A highway cruiser, a sports tourer and a scrambler embark on a journey in search of the perfect motorcycling road.
The biggest problem hard-core biking enthusiasts face in India is finding a smooth stretch of road that’s accessible enough for them to enjoy a nice weekend ride on a regular basis. It’s no shocker that the majority of roads in India are quite unfriendly for motorcyclists. Having visited most of the major cities across the country, I would have to say that Pune is by far the best when it comes to weekend rides. With hills in every direction, and minimal traffic, there are a number of destinations that you can ride to and enjoy the ‘journey’ instead of being focussed on the ‘destination.’ Unfortunately, if you live in Delhi – like I do – you aren’t quite so lucky.
The only good roads we have are long straight highways that lead towards Agra, Jaipur or Chandigarh. But, then, there’s the unruly traffic and the never-ending construction on these roads that plays spoilt sport. Moreover, endless straight roads aren’t much fun for motorcyclists.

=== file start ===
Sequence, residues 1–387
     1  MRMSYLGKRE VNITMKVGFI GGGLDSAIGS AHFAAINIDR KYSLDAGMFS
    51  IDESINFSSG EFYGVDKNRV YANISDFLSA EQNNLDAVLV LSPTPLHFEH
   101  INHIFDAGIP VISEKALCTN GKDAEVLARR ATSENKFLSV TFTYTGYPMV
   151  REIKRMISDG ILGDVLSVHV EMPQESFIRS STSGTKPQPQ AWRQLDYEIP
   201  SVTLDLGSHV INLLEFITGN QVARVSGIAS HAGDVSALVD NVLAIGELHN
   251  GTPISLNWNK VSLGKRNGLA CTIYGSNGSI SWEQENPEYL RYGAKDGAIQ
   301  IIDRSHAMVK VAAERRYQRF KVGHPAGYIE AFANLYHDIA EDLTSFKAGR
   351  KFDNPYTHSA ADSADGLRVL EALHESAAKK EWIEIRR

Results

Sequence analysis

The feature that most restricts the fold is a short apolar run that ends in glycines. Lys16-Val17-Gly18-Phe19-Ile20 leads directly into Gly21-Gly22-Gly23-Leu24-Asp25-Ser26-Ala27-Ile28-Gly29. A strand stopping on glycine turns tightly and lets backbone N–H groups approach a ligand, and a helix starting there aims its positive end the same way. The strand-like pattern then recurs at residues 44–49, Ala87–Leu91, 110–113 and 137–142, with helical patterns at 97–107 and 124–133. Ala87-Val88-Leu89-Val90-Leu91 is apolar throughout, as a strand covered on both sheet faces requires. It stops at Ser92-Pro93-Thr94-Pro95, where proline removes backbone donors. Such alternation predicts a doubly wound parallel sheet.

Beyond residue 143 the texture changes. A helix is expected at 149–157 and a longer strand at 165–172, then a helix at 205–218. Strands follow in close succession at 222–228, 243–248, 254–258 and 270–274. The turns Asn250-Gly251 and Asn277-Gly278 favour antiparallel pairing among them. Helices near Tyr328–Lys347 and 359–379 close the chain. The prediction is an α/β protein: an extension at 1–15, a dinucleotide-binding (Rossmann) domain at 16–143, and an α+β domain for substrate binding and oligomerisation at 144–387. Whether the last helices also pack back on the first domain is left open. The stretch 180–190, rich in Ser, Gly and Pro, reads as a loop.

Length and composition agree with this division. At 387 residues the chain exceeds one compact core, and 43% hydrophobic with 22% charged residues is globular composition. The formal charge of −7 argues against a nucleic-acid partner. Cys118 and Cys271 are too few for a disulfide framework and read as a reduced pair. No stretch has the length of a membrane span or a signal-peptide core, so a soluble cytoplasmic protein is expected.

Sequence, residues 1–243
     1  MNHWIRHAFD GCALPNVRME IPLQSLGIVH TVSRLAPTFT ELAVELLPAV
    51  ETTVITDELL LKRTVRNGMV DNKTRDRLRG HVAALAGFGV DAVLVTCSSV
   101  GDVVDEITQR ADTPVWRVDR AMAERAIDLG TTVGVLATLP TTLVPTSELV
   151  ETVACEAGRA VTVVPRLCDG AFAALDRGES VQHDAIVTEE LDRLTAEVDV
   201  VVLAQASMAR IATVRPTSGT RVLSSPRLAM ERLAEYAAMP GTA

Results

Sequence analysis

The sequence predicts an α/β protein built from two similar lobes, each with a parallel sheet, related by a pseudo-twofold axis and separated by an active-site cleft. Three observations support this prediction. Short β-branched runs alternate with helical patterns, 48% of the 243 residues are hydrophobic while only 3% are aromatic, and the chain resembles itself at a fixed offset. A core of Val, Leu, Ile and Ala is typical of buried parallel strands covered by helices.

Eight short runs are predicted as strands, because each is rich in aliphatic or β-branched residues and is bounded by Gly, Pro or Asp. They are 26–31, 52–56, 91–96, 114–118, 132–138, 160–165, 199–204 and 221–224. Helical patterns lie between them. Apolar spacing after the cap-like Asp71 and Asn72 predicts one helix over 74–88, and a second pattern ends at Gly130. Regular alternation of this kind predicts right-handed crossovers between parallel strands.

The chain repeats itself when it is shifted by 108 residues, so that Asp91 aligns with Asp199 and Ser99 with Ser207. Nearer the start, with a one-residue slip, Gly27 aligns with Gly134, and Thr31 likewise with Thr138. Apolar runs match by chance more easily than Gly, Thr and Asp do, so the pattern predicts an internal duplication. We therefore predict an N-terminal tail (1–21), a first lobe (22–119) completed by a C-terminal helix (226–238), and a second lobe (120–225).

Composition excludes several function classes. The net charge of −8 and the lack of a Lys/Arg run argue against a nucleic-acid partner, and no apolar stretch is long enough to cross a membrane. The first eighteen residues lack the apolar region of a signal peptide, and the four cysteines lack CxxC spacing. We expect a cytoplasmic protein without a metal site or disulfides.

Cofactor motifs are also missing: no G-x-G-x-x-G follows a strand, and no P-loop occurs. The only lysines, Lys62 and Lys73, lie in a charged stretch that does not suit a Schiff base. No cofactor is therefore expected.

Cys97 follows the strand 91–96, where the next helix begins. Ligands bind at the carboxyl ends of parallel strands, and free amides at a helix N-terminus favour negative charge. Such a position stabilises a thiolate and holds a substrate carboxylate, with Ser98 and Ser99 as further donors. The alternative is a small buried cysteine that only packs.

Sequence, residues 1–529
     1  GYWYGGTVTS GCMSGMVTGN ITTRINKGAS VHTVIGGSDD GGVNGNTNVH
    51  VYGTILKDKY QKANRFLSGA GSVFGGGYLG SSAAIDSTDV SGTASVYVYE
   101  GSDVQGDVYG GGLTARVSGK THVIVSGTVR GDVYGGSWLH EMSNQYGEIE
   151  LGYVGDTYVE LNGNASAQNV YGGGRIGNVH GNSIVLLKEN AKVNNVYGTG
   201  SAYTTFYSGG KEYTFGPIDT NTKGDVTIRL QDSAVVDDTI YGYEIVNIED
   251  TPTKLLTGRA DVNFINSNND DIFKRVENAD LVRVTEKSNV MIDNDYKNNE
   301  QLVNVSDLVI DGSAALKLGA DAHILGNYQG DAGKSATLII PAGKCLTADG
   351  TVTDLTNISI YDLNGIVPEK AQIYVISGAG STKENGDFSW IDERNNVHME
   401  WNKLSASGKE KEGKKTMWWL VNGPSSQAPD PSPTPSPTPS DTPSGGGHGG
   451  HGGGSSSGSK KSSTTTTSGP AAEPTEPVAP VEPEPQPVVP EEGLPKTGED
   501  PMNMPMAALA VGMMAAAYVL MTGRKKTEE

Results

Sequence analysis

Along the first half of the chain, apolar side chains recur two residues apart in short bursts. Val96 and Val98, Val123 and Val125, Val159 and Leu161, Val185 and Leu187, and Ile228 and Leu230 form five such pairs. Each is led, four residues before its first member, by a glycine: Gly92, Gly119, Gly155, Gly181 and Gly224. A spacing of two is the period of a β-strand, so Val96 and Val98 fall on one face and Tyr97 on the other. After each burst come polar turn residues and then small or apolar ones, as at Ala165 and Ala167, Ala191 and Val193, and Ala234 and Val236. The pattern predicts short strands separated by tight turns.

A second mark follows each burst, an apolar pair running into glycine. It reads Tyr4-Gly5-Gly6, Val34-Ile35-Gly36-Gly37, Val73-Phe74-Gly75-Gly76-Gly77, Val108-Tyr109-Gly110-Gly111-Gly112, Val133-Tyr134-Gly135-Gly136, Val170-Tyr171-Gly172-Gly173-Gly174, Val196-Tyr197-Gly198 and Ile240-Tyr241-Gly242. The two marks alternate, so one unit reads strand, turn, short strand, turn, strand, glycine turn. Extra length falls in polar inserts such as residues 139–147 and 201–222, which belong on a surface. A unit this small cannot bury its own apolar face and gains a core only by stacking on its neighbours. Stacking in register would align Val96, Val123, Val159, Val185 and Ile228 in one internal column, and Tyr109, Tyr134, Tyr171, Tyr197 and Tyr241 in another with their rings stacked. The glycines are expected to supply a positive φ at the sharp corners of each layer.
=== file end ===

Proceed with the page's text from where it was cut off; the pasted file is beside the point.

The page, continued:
Now I admit that I love dirt trails and off-road riding – in fact that’s how I started riding – but if there’s one thing I enjoy more than dirt biking, it’s fulfilling that need for speed. Wide, twisty and smooth tarmac roads are my favourite kind, but they’re rare and can be hard to get to. Fortunately for me, I know exactly where to find them.
I’ve done quite a bit of travelling in the Himalayas, and a couple of years ago I discovered one stretch of road that was perhaps the best I had ever seen in India – from a motorcyclist’s standpoint of course. I’ve been riding here for the last couple of years whenever I get the chance, and have never shared this location out of fear that it might gain too much attention. Even to this day, I dare say that it’s one of the best riding roads in all of India.